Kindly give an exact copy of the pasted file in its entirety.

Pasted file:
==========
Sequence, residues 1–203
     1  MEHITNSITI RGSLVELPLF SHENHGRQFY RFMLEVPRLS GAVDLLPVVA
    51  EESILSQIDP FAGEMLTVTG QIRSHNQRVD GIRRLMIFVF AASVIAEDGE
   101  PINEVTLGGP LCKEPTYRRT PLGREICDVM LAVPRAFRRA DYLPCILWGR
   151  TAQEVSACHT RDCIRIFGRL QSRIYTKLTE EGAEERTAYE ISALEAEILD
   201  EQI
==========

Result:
Sequence, residues 1–203
     1  MEHITNSITI RGSLVELPLF SHENHGRQFY RFMLEVPRLS GAVDLLPVVA
    51  EESILSQIDP FAGEMLTVTG QIRSHNQRVD GIRRLMIFVF AASVIAEDGE
   101  PINEVTLGGP LCKEPTYRRT PLGREICDVM LAVPRAFRRA DYLPCILWGR
   151  TAQEVSACHT RDCIRIFGRL QSRIYTKLTE EGAEERTAYE ISALEAEILD
   201  EQI